Erling Friis-Baastad

Erling posted 114 stories to Yukon News.
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Bugs with barcodes: Trapping blitz in national parks targeted the tiny

When we think of the wildlife in Canada's national parks, it's moose, bears, snakes, grey jays, trout and chipmunks that come readily to mind.

  • Mar 11th, 2016 1:00am

It’s no use cursing over spilled crude

In March 1989, an oil tanker sailing south from the Alaska pipeline port of Valdez struck a reef in eastern Prince William Sound. At least 11 million gallons (42 million litres) of crude oil spilled into the sea and onto the shore.

  • Feb 19th, 2016 1:00am

The Canol Heritage Trail was a family affair

When he makes his presentations in the Yukon later this month, geographer Peter Kershaw plans to lead his audiences through the marvels and sorrows along the Canol Heritage Trail.

  • Feb 5th, 2016 1:00am

Pliocene pollen grains reveal a warm, wet Klondike

The Yukon's gold fields are famous for yielding up the remains of large creatures that roamed the mammoth steppes of Beringia during the Pleistocene - the chilly epoch that lasted from about two and a half million years ago to 11,700 years ago.

  • Jan 22nd, 2016 1:00am

Yukon’s largest lake gets a thorough biophysical

When University of Alberta graduate student Ellorie McKnight began working on her biology master's thesis project, her primary research focus was: "How are large northern lakes being affected by climate change?" 

  • Dec 4th, 2015 1:00am

Fewer nighthawks grace the aerial diner

When Andrea Sidler was four or five and growing up in Atlin, B.C., her parents directed her gaze to two common nighthawk nestlings on the ground beside the trail to the family home.

  • Nov 20th, 2015 12:59am

Mercury and the North’s lake bottom line

Thanks to natural, high-altitude transportation processes, mercury and other pollutants generated far to the south can enter northern food chains.

  • Nov 6th, 2015 1:00am

NASA sponsors a closer look at Dall sheep and the warming North

"The US National Aeronautics and Space Administration is interested not just in what's going on in outer space, but they also want to use their satellites to understand what's going on on Earth," says wildlife ecologist and Dall sheep expert Laura Prugh.

  • Oct 23rd, 2015 2:00am

Boreal bank swallows: suddenly a hot topic

It often requires an informed, enthusiastic visitor to remind us not to take the "wild" in our Wilderness City for granted.

  • Sep 11th, 2015 2:00am

Tiny ice age relic lurks along the Dempster

"It's easy to forget what's lurking in our world - things we don't see everyday," says McGill University biology professor Christopher Buddle by phone from Montreal.

  • Aug 28th, 2015 2:00am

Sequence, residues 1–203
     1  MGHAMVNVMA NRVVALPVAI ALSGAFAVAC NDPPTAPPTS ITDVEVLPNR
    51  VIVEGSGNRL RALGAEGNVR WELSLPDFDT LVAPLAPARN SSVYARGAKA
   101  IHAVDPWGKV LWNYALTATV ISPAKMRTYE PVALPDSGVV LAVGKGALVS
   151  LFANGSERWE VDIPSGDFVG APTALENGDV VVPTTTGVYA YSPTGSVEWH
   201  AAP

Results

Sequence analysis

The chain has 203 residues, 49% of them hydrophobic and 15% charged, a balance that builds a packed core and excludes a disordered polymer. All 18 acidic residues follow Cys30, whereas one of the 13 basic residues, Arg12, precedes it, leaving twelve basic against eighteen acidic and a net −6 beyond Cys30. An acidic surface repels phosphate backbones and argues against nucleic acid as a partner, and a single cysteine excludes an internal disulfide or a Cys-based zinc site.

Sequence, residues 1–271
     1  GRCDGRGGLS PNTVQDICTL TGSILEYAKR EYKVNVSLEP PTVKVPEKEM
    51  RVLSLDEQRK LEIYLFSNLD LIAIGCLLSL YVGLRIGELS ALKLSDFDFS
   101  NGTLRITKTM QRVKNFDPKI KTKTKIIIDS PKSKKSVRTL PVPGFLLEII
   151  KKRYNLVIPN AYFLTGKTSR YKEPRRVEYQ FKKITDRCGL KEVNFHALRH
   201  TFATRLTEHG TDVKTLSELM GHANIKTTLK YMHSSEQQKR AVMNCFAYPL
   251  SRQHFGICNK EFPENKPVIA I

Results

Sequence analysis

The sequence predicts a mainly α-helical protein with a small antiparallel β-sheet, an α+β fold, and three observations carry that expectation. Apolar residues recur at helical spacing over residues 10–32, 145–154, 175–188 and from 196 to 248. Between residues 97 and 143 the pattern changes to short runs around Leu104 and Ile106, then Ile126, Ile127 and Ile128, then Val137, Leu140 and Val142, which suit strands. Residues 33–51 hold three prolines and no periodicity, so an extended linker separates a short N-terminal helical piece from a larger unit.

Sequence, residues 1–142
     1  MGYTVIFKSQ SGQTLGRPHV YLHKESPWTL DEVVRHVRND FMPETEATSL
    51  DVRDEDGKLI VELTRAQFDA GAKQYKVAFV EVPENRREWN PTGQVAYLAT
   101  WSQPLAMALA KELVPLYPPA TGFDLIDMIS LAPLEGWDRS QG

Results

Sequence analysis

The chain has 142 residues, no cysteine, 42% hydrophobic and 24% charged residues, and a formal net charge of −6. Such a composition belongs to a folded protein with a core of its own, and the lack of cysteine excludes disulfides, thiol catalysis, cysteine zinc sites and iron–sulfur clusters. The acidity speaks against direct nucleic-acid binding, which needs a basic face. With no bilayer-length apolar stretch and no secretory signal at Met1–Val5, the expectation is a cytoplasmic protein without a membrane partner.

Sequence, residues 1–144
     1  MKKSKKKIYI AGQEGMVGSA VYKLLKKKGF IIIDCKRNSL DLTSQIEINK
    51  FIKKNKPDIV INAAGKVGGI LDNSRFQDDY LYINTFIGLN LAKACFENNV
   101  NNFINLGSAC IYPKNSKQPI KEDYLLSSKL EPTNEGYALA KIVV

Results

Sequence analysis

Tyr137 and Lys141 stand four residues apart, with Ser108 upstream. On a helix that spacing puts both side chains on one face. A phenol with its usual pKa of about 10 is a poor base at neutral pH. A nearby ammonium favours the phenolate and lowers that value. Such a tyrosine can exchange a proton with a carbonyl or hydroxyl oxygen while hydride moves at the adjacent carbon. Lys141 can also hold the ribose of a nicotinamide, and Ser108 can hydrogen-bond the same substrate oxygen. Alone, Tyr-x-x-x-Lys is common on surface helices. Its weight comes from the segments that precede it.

Environmental DNA: Promising new tool is easier on scientists and their subjects

Crime fighters have been using environmental DNA analysis for many years, says Yukon biologist Bruce Bennett.

  • Jul 31st, 2015 2:00am

Making sense of mixed messages from the mammoth steppe

The icon of the mammoth steppe, Mammuthus primigenius, is well represented in the Yukon’s fossil record. Thanks to remains preserved in permafrost from the Klondike gold fields and Old Crow.

  • Jul 3rd, 2015 1:17pm

Bumblebee research: some hard facts and soft fuzz

Before I can step into Environment Yukon’s Whitehorse headquarters on Burns Road, I’m met at a nearby flowering lupine by a large, fuzzy, loud and somewhat aggressive bumblebee.

  • Jun 25th, 2015 3:14pm

Yukon finds force scientists to rethink the camel family tree

Paleontologists can never completely put their favourite theories about life during the Pleistocene epoch to gentle rest. Ice age creatures have a knack for sowing doubt and sparking debate tens of thousands to millions of years after their deaths.

  • Jun 12th, 2015 2:00am

Arctic dinosaurs demand their due

This weekend, Roland Gangloff, author of Dinosaurs Under the Aurora, is bringing news of a revolution in Arctic paleontology to Whitehorse and Haines Junction. Gangloff is a former professor at the University of Alaska Fairbanks.

  • Jun 5th, 2015 2:00am

A bird in the hand helps students recognize many birds in the bush

Five years ago, Shyloh van Delft attended a young-ornithologists' workshop at Long Point Bird Observatory on Lake Erie in Ontario. She was less than thrilled to be presented with a dead bird to skin out and prepare as a study specimen.

  • Jun 5th, 2015 2:00am

The Mayo B rearing channel: ‘thinking fish first’

In 1952 the Mayo hydro power project began supplying electricity to Elsa, Keno City, the United Keno Hill mine and the community of Mayo.

  • May 22nd, 2015 2:00am

Tantalizing ancient site emerges from riverbank forest

Ice age settlers who frequented what is now referred to as the Britannia Creek site, halfway between Dawson City and Fort Selkirk on the Yukon River, would be amazed to see that area today.

  • Mar 20th, 2015 2:00am

‘Out of the blue’: Surprise human remains and artifacts tell an ice age tale

In 2010 and 2013, Alaskan archeologist Ben Potter led teams that discovered the remains of three ice-age Alaskans near the Tanana River.

  • Mar 6th, 2015 1:00am

Share life in the slow lane with sloths

When Greg McDonald embarked on a career in vertebrate paleontology at Idaho State University, the first of a series of far-sighted professors helped steer him to giant ground sloths.

  • Feb 27th, 2015 1:00am